Aeration also improves lawn health by increasing water and fertilizer uptake. Over time, thatch can build up in the lawn and provide a place for insects to live and breed. Thatch reduces water, fertilizer and air penetration and causes unsightly spots in the yard. If it grows more than a half-inch thick, the thatch will encourage caterpillar and chinch bug infestations. Dense thatch also prevents pesticides from penetrating the roots and killing root-feeding insects. Use a dethatcher tool or a power rake to remove the thatch from the lawn and to target pest insects where they hide.


Weeds such as crabgrass attract more pest insects to your lawn.

Detecting Problems in Your Lawn

Look for weeds and problem areas before you mow. Abundant weed growth indicates an unhealthy lawn that is also susceptible to pest insects. Dense grass prevents weed growth by blocking the sun from the soil. Make sure to keep your grass mowed at the proper height to deter weeds from growing throughout your lawn. Other signs of problems include:

  • Excess bugs gathering around porch and yard lights at night
  • Numerous birds flocking in the yard
  • Raccoons digging for grubs in the overnight hours

Insects gathering around the lights may come from far away, and birds may just be feeding on earthworms in your yard. Therefore, it's important to identify lawn damage before assuming you have a pest infestation.

After observing physical damage to your lawn, the next step is determining the cause. Because overwatering leads to most lawn damage, check your irrigation system for malfunctioning nozzles. Make sure to read the label on your fertilizer to ensure you're using the appropriate type for your lawn. Once you rule out all other causes, you should start looking for pests. One of the most accurate ways to detect chinch bugs, armyworms and other pest insects is to perform a drench test.

Performing a Drench Test

The drench test provides an ideal method for detecting chinch bugs, caterpillars, cutworms and other invasive pests. To perform the drench test, combine between two and four tablespoons of dishwashing liquid with one gallon of water; use two gallons of water for completely dry soil.

Apply the mixture evenly to the yard in square-foot sections. Test an area that includes both healthy and damaged grass. It should take about 10 minutes for the drench to soak into the soil and aggravate hidden pest insects. Afterward, count and identify the pests for future control.

Inspecting the Roots

Though the drench test helps to find some pests, it does not reveal billbug larvae, white grubs and June beetles. To detect these pest insects, dig or cut beneath the thatch. Examine the soil around the roots and crowns, and look for white larvae buried in the root system. White, legless larvae indicate a billbug infestation, and six-legged, C-shaped larvae indicate scarab beetles, known also as masked chafers. If you find more than six grubs or one billbug larva in a square-foot area, you may need to treat the pests.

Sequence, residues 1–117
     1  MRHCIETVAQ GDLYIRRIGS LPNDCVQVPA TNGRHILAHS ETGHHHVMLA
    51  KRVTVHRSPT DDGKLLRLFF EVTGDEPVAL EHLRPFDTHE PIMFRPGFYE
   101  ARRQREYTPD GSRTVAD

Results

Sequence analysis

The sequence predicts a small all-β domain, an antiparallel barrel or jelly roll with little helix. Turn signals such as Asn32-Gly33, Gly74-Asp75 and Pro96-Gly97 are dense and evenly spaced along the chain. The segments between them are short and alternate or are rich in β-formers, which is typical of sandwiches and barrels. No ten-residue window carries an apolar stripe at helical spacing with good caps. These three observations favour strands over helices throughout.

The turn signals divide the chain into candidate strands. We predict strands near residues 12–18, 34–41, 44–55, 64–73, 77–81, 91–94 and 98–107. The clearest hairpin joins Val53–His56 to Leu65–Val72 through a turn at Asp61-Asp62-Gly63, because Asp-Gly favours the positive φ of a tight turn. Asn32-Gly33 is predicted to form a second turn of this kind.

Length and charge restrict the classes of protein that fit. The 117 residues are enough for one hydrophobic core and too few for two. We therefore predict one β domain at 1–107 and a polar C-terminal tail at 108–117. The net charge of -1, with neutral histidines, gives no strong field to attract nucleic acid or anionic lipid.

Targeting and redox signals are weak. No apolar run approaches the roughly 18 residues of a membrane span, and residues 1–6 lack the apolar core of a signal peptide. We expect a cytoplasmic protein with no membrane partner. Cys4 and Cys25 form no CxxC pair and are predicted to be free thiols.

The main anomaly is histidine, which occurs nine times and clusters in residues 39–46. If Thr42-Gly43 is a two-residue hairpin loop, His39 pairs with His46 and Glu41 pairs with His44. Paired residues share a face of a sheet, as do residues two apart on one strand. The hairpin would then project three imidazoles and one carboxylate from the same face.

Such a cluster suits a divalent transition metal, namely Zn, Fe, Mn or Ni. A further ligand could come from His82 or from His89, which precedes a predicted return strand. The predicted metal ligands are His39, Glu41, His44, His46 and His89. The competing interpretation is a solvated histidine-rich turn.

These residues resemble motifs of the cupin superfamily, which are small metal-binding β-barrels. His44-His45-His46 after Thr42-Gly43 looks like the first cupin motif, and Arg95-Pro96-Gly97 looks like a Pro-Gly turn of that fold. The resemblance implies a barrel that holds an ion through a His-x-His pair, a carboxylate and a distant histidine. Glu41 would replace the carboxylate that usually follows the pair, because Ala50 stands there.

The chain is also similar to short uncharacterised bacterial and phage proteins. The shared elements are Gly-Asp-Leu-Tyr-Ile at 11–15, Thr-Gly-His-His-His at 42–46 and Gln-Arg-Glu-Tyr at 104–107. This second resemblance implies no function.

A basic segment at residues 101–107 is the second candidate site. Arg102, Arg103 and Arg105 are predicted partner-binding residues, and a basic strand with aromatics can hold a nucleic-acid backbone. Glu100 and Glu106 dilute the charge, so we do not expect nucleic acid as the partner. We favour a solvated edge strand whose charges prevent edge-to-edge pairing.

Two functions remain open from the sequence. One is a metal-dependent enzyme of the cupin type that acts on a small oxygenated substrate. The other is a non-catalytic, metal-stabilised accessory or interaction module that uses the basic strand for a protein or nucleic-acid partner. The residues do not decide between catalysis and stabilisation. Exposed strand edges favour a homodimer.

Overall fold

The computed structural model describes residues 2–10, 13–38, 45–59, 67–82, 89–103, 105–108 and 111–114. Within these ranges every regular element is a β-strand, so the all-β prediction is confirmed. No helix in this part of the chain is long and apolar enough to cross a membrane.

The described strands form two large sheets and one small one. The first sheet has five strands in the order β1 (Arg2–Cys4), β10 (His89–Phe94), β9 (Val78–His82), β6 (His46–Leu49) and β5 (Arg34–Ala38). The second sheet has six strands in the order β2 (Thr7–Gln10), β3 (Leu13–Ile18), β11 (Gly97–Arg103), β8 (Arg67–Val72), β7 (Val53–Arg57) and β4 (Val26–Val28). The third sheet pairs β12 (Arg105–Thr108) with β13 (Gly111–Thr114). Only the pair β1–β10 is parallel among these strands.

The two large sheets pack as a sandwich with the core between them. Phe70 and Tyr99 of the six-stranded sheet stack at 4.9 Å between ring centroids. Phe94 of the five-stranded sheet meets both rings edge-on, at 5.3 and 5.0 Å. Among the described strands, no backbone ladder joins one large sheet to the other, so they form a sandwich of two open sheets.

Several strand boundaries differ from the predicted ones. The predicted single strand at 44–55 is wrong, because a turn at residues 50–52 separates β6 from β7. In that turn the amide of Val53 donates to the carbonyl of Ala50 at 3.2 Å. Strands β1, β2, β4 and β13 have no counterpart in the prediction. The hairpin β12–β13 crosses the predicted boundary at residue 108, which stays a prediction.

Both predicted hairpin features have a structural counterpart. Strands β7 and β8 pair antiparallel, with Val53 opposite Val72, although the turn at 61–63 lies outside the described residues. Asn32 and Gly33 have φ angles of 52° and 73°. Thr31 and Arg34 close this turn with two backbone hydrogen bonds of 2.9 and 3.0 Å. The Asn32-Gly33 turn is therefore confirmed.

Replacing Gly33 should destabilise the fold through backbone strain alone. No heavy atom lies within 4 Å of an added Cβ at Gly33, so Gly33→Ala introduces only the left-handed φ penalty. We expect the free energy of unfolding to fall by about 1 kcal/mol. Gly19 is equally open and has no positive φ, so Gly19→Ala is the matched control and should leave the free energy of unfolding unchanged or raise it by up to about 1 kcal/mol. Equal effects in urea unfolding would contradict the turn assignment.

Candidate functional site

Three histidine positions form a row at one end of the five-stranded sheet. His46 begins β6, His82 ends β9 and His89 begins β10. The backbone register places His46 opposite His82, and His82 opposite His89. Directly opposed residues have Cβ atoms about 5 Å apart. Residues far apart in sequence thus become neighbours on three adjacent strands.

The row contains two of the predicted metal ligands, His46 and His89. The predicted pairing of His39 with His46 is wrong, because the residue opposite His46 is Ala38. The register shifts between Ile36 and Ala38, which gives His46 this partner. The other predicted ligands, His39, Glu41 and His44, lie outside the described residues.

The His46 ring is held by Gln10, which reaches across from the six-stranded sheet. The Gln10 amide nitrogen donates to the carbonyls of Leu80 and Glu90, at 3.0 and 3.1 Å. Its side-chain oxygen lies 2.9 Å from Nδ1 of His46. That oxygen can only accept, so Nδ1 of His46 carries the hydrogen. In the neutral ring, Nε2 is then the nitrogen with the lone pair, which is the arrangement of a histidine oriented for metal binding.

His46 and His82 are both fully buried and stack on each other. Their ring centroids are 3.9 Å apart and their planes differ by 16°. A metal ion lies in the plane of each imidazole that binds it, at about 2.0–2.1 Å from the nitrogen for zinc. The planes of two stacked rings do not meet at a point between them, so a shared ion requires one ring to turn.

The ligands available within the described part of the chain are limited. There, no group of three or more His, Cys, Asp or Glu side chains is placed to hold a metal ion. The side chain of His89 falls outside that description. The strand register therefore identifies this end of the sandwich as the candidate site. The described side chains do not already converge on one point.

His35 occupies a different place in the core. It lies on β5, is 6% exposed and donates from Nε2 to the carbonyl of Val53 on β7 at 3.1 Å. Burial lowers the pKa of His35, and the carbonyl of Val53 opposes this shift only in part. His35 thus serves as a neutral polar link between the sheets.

White grubs

White grubs plucked from the soil. (Image by David Cappaert CC BY-SA 3.0)

Treating Lawn Pests

Once you have identified the problem pests, choose a selective pesticide to eliminate the problem. Selective pesticides treat the insects without damaging the grass and any plants in the vicinity. These treatments often contain naturally occurring ingredients such as pyrethrum, a substance that is found in chrysanthemums. Pesticides with natural ingredients pose less risk to nontarget pests, humans and animals. Broad-spectrum pesticides, which contain various natural and chemical ingredients, control a variety of insects at once. These pesticides pose a risk to beneficial insects in the yard that prey on plant-feeding pests. Only use broad-spectrum pesticides for times when natural products cannot treat the infestation.

Before applying the pesticide, eliminate any thatch in the area. Mow the lawn to the appropriate height for the season, and irrigate the lawn unless otherwise directed on the product label. When treating white grubs, wait to irrigate until after applying the pesticide to make sure the treatment has moved down into the soil. Keep in mind that certain chemical pesticides can kill grass seedlings and injure lawns during high temperatures, so read the directions for use to prevent any further complications.

You can cause further lawn injury by repeating unnecessary applications, mixing incompatible products and using the wrong formulations for the grass. Using emulsifiers, solvents and other inert ingredients can also damage the lawn. As long as you identify the pests, choose an integrated pest management solution and follow the instructions for use, you can treat the problem without hassle and improve the overall health and visual appeal of your lawn.